Office Of The Assistant Attorney-General
Washington, D. C., October 5, 1905
The Secretary Of The Interior
SIR: I received by reference of September 15, 1905, the record in case of Harry Still, applicant for enrollment as a Cherokee freedman. The letter of reference states that:
It appears that the supreme court of the Cherokee Nation on June 7, 1871, admitted the applicant to all the rights of Cherokee citizenship entitled under the treaty of July, 1800.
Your opinion is requested as to whether the applicant is entitled to be enrolled as n Cherokee freedman by reason of the admission of said court.
The final judgment of an Indian court in a matter of which it had jurisdiction is as conclusive upon the facts in issue and decided as is that of the Territories, States, or of the United States. Mehlin v. Ice (56 Fed., 12, 18); Exendine v. Pore (ib., 777); Mackey v. Coxe (18 How., 100, 103).
It is, however, not to be overlooked that Congress has plenary power over the Indian tribes and their regulation of their own membership and internal affairs. Judgments determining citizenship in an Indian nation are not adjudications of property rights, but of political status. Being of this character they are within control of the legislative department of government. In a case depending on a similar question as to the power of Congress, in Stephens v. Cherokee Nation (174 U. S., 445, 488), the court held:
But in any aspect we are of opinion that the constitutionality of these acts in respect of the determination of citizenship can not be successfully assailed on the ground of the impairment or destruction of vested rights. The lands and moneys of these tribes are public lands and moneys, and are not held in individual ownership, and the assertion by any particular applicant that his right therein is so vested as to preclude inquiry into his status involves a contradiction in terms.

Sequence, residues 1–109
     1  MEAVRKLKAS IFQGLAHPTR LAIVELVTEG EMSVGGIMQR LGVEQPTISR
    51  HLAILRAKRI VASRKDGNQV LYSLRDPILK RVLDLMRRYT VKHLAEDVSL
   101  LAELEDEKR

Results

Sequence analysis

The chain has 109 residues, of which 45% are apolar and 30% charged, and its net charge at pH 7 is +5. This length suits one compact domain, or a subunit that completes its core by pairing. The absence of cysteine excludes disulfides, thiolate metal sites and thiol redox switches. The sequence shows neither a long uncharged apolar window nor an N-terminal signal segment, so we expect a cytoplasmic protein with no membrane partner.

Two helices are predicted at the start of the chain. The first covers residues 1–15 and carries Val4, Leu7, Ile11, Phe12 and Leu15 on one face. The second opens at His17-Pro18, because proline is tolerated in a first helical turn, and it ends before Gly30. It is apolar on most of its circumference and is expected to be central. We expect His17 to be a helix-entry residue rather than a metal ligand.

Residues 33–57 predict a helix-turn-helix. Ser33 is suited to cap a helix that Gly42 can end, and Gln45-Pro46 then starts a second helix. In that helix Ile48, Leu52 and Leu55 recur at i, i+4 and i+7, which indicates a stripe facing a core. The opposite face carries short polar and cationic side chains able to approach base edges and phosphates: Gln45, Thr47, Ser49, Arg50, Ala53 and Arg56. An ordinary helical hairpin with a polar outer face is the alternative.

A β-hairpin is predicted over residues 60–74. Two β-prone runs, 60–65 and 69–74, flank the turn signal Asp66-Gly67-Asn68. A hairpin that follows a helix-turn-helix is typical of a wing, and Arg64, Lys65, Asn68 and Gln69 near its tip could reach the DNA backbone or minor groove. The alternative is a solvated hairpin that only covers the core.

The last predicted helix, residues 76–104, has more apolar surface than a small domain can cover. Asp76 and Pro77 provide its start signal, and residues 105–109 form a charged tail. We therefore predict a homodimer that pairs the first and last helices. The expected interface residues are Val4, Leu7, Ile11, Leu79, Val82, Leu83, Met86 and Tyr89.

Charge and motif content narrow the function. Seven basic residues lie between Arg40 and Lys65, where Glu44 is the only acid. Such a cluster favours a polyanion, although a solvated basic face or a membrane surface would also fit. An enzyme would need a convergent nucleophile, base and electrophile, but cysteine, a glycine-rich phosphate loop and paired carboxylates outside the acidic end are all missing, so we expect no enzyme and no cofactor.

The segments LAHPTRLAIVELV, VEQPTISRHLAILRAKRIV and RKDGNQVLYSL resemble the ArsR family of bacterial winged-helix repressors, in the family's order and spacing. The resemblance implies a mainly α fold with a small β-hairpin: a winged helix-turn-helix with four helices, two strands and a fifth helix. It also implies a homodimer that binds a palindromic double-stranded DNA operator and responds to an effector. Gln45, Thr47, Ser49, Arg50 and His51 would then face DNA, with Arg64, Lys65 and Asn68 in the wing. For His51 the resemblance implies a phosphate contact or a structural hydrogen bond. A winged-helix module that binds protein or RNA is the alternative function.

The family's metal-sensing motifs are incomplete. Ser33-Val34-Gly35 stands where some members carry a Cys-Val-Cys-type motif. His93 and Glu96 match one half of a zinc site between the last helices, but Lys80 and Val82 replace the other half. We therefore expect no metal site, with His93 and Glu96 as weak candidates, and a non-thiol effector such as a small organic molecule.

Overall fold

The adjudication of the supreme court of the Cherokee Nation, upon the authorities above cited, has therefore the same effect as the adjudication of similar cases by the United States courts under the act of June 10, 1896 (29 Stat., 321, 339), and is entitled to all the respect of a judicial determination of the facts necessarily determined. When reopened to inquiry upon the facts, such adjudication is to be considered by the Commission as evidence of great cogency, to be followed unless it appear that fraud was practiced upon the court, or that the evidence then before the court, and that now available before the Commission show that the conclusion of the court upon the case for fraud or lack of evidence then available was clearly wrong. The Commission should regard itself rather as a court reviewing the case as upon a petition for a new trial than as exercising an original jurisdiction, and ought not to overturn the finding made after the impairment and loss of available evidence by the lapse of more than thirty years.
In addition to the direct evidence in the present record of the time of Harry Still s personal return to the nation, it is noticeable that some who seem to have been of the same party or borne on the confirmed roll of 1880; that the applicant in 1865 could have been but about 14 years old, as his age is stated as about 50 in 1901; that he was then a minor pupilage, whose place of legal residence was that of his parent or person with whom he lived, and that the return to the nation contemplated by the treaty was legal domicile rather than physical presence, as is held in the cases of George Ross, Burrell Daniels, Charles Foreman, Josie Alberty, and others. If in 1865 the head of the family, and perhaps himself, were in the nation and fixed a place of abode for the family, but by reason of lack of subsistence, scarcity of means there to live, they were unable continuously to remain, and left temporarily, returning seasonably and prosecuting that initiated settlement in good faith and with reasonable diligence, then they must be regarded as returning in good faith and permanently locating in the nation from the time of their original settlement.
Such circumstances and facts the citizenship court had full power to consider, and the Commission, under the enrollment acts, should also consider. The determination of those questions by the court favorably to the applicant when comparatively near the events respecting which it inquired should not be over turned or disregarded at this later time unless shown to be vitiated by fraud or clear evidence that it was erroneous.
Frank L. Campbell, Assistant Attorney-General
Approved October 5, 1905
E. A. Hitchcock, Secretary